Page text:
“For the six years I’ve been in the assembly, we have been fighting this fight with the state water board, and despite repeated concerns that we have raised, testimony that I provided and members of my community have provided, the state continues to ignore the concerns and the farmers are not happy,” Gray said. “We are going to raise our voices as loud as they need to be and talk to whoever we need to talk to to get a fair deal on this.”

“The irrigation districts have science-based plans that involve habitat restoration, water, rebuilding a river, and dealing with non-native predators,” he said. It is not going to be easy, and it is going to take sacrifice to make a fair deal. All they want to do is take, take, take, and it is all water with no consideration for those other things.”

@AlmondGirlJenny AgVocates on Social Media

@AlmondGirlJenny Urges Everyone in Ag to AgVocate on Social Media

 

By Laurie Greene, Editor

 

Digital platforms—not newsprintlead the information superhighway-world we live in. Beyond news websites, everyone in the agricultural industry who is able should engage and agvocate on a few social media platforms such a Twitter, Facebook, Instagram or blogs, according to @AlmondGirlJenny.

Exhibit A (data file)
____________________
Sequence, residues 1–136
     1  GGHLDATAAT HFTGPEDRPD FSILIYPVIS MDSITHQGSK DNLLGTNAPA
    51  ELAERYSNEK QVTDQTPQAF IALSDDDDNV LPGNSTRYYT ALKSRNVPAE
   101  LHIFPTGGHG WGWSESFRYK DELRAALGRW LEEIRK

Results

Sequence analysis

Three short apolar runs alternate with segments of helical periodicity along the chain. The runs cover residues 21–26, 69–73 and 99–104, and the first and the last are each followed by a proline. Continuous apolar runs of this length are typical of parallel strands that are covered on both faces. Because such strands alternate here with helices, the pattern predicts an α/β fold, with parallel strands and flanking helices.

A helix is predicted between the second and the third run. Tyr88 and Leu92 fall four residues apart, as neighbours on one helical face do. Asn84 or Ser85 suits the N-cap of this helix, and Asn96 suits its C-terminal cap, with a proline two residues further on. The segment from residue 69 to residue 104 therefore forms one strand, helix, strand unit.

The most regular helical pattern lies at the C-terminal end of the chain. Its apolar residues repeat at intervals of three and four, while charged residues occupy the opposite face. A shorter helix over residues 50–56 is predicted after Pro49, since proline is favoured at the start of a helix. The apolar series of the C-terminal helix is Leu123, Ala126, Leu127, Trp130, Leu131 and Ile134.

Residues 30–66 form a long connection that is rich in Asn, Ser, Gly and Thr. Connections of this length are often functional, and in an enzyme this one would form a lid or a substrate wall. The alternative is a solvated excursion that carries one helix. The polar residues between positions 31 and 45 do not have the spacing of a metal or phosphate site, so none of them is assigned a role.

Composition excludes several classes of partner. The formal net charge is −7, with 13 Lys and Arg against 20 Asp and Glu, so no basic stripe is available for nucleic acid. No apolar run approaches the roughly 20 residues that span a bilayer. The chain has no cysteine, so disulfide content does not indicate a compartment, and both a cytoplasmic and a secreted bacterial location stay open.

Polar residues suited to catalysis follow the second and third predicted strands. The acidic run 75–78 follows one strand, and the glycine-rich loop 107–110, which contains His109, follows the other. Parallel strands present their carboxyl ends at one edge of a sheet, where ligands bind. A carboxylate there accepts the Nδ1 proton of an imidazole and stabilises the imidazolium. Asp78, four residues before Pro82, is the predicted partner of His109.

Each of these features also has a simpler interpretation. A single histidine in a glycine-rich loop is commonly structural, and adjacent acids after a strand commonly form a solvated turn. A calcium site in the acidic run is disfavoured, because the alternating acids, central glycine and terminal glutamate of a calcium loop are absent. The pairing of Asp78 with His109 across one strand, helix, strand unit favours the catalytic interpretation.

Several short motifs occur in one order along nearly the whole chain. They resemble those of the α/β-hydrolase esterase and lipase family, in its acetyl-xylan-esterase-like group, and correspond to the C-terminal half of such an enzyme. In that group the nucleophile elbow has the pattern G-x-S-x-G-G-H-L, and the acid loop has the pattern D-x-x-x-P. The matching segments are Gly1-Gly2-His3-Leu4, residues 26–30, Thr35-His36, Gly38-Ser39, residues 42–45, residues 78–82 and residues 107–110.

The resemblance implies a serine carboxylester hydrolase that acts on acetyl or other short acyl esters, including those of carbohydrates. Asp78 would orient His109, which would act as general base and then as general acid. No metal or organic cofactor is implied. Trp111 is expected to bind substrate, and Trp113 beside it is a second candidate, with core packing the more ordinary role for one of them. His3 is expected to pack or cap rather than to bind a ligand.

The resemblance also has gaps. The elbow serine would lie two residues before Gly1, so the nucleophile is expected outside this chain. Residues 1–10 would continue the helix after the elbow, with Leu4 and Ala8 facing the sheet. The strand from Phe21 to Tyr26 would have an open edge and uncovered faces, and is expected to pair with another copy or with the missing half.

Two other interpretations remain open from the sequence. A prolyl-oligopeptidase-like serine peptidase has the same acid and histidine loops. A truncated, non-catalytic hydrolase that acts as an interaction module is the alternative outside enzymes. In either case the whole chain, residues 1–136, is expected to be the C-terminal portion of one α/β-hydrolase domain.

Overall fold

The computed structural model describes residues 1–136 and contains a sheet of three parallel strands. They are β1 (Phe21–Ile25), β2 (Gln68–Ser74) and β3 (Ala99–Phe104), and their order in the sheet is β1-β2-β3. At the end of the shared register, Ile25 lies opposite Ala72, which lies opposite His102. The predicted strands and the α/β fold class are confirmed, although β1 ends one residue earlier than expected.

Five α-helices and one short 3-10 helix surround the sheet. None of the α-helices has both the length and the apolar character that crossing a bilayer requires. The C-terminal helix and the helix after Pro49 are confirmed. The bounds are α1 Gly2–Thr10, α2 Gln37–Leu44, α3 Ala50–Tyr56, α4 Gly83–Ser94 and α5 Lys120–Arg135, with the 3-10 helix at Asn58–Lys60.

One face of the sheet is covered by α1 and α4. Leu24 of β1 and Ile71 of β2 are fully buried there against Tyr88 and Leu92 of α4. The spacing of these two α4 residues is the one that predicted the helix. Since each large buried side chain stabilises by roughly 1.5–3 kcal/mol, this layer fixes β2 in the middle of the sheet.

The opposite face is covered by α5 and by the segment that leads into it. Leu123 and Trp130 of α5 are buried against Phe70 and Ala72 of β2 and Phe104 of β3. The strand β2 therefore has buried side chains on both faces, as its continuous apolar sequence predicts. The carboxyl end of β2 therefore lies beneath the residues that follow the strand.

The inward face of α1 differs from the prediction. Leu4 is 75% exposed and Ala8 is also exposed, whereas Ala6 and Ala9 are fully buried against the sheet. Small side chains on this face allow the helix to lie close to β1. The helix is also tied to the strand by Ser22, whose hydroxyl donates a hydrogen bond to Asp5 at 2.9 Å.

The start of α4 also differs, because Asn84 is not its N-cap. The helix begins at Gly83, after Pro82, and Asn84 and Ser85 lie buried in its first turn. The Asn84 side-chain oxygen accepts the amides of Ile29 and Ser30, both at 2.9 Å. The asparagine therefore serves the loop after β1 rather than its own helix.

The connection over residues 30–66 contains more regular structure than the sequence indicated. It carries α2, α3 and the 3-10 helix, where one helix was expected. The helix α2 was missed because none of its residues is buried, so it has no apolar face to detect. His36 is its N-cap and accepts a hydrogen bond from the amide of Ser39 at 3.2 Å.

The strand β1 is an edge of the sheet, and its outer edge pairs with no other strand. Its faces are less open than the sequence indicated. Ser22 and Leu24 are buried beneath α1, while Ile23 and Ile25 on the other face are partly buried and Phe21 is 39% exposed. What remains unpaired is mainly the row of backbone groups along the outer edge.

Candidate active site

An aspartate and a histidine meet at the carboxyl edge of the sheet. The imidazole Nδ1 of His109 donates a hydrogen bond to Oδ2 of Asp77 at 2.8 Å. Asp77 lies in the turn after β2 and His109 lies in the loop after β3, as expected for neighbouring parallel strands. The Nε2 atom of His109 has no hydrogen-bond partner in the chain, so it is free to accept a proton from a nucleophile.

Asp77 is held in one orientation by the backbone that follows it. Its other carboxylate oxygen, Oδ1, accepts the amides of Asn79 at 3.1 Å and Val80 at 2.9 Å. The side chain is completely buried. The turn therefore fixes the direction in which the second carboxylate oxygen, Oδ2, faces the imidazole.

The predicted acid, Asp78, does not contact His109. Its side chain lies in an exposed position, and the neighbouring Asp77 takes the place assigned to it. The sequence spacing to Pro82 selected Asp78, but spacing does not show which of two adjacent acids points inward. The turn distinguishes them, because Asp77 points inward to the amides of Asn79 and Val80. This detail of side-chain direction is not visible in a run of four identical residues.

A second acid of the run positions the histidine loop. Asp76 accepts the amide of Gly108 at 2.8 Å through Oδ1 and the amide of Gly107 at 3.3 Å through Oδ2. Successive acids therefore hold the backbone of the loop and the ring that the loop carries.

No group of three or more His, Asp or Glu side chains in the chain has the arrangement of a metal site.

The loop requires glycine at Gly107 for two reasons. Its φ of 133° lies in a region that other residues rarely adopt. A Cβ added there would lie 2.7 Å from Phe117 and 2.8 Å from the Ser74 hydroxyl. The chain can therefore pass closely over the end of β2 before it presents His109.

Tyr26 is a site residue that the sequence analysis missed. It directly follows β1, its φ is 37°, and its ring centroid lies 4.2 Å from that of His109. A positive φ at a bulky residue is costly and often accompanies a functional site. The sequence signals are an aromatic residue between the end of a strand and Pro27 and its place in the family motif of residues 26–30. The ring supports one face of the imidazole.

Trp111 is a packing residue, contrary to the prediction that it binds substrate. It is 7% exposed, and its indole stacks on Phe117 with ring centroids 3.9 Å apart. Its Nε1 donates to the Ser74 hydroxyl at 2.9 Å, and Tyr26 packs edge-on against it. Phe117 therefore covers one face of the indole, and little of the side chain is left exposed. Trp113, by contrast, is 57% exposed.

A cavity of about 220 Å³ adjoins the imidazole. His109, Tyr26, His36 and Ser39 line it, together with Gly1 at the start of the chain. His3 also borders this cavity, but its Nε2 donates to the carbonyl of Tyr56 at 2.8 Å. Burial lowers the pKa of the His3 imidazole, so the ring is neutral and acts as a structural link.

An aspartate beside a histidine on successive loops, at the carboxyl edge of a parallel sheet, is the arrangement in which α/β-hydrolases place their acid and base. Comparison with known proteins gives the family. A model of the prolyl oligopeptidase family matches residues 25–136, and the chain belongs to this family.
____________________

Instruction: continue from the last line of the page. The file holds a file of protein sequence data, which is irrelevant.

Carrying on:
Jenny Holtermann, aka @AlmondGirlJenny, fourth-generation almond farmer in Kern County, is fully engaged with social media. Social media has become the news source for her, her friends and her generation. “I think it’s important to be involved in social media to tell your story,” Holtermann explained. “That’s how people are getting their news; that’s how people are getting their information these days.”

@AlmondGirlJenny is engaged on such social media platforms as FacebookInstagram, Twitter and YouTube.

Tim Holtermann and son, Henry, @AlmondGirlJenny
Tim Holtermann and son, Henry

 

“It’s critical for us to be out there,” she added, “showcasing what we’re doing and highlighting the benefits of agriculture and how it’s multi-generational, how it’s family oriented. Get people to relate to it and become engrossed in it,” Holtermann said.

Last year a reporter from the Los Angeles Times asked Holtermann about water use in farming almonds. “I was able to set the reporter straight regarding all the myths about almonds and water use,” she commented. “I told her that over the last 10 years, almond growers have reduced their water use by 30 percent and we are working on saving even more.”

Jenny and her husband, Tim Holtermann, have a big story to tell. “I’m a fourth generation California farmer” she began. “My family farms almonds and walnuts in northern California. Then I married a fourth generation California farmer as well.

“We farm together with my husband’s family in the Wasco area. It’s very important to us to care for our land and treat it as best as we can so that it can be passed down to future generations. We’re raising the fifth generation, and we hope that someday, if he so chooses, our son has the opportunity to farm here as well,” she said.